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It takes two to tango: Concerted protein translation and degradation necessary for synaptic scaling

It takes two to tango: Concerted protein translation and degradation necessary for synaptic scaling

  • Ana Luisa Carvalho, 
  • Dominique Fernandes

Synaptic scaling allows neurons to adjust synaptic strength in response to chronic alterations in neuronal activity. A new study in PLOS Biology identifies a pathway that synergizes protein synthesis and degradation with remodeling of the microRNA (miRNA)-induced silencing complex (miRISC) to mediate synaptic scaling.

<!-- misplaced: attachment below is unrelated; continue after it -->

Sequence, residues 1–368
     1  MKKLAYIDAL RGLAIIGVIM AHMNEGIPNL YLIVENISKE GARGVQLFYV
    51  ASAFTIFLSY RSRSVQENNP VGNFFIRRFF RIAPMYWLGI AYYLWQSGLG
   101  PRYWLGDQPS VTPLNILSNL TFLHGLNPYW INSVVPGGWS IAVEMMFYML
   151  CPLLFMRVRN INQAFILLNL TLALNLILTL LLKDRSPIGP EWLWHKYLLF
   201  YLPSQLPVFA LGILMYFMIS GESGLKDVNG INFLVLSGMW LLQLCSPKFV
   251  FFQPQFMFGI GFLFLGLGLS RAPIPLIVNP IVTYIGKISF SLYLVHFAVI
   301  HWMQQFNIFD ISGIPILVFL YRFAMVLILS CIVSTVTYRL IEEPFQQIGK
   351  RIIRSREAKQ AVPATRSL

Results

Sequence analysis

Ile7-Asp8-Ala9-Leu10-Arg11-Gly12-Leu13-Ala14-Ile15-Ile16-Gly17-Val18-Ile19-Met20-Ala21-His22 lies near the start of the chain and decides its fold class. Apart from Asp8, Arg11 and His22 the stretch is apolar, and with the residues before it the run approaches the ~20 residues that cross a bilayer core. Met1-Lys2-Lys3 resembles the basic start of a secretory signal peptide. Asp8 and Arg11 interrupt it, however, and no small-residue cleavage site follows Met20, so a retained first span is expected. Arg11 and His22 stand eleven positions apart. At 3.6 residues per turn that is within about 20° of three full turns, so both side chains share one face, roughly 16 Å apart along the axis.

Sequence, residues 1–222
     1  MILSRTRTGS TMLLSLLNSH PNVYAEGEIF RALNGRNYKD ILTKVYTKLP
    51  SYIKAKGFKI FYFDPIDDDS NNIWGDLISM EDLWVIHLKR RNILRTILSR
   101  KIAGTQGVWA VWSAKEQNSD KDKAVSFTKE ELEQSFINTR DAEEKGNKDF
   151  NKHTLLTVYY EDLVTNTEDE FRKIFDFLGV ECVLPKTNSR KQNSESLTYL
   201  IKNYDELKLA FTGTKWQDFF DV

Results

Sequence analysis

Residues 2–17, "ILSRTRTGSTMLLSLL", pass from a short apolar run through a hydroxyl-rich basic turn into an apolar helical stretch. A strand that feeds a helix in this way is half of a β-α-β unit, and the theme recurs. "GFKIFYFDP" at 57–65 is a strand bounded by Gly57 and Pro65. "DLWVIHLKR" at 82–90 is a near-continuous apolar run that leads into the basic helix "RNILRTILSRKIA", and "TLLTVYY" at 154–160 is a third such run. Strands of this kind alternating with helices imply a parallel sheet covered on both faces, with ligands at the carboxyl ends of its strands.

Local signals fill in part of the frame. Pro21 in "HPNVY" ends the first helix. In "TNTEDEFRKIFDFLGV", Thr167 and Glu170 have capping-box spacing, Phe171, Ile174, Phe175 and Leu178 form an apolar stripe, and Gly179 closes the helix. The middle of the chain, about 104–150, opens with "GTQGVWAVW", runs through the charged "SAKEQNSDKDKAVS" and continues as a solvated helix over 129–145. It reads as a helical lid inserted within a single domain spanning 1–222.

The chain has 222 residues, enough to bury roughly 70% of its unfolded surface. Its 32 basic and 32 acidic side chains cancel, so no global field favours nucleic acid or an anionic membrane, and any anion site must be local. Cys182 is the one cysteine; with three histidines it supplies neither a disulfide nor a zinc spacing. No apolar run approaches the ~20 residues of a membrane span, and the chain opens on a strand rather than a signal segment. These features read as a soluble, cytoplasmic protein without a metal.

Activity-dependent synaptic plasticity is thought to be a cellular mechanism for learning and memory. However, if left unchecked, persistent changes in synaptic activity would lead to destabilization of neuronal circuits and function. Homeostatic plasticity mechanisms, such as synaptic scaling, operate at a slower timescale to provide homeostatic control of synaptic activity and maintain neuronal firing rate within a dynamic range [1]. Synaptic scaling has been observed in vitro in cultured neurons subjected to chronic changes in neuronal activity [2,3] and in vivo as a function of development and sensory experience [4,5], and this process is involved in sleep-dependent memory consolidation [6]. The mechanisms at play for the expression of synaptic scaling depend on the proteome remodeling [7] and ultimately result in changes in AMPA-type glutamate receptors at postsynaptic sites. In this issue, Srinivasan and colleagues explore the possibility that protein synthesis and degradation processes work in coordination to control homeostatic synaptic scaling of excitatory synapses [8].